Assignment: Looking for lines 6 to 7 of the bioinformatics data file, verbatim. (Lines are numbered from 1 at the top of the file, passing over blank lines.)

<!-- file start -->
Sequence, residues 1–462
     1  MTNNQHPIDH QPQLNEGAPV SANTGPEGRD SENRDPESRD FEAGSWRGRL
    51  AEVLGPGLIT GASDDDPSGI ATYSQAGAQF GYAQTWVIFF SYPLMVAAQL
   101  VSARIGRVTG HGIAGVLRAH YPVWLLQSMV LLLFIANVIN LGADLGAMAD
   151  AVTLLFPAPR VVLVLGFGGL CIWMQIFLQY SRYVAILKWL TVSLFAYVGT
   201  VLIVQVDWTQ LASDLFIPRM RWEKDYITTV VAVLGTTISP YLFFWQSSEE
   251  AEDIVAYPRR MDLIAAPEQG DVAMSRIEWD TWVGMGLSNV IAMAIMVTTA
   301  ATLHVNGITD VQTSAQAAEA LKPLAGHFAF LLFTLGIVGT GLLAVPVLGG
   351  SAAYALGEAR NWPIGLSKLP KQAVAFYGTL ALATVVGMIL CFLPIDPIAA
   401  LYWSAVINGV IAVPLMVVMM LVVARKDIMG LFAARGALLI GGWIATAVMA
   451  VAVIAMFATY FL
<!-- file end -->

   201  VLIVQVDWTQ LASDLFIPRM RWEKDYITTV VAVLGTTISP YLFFWQSSEE
   251  AEDIVAYPRR MDLIAAPEQG DVAMSRIEWD TWVGMGLSNV IAMAIMVTTA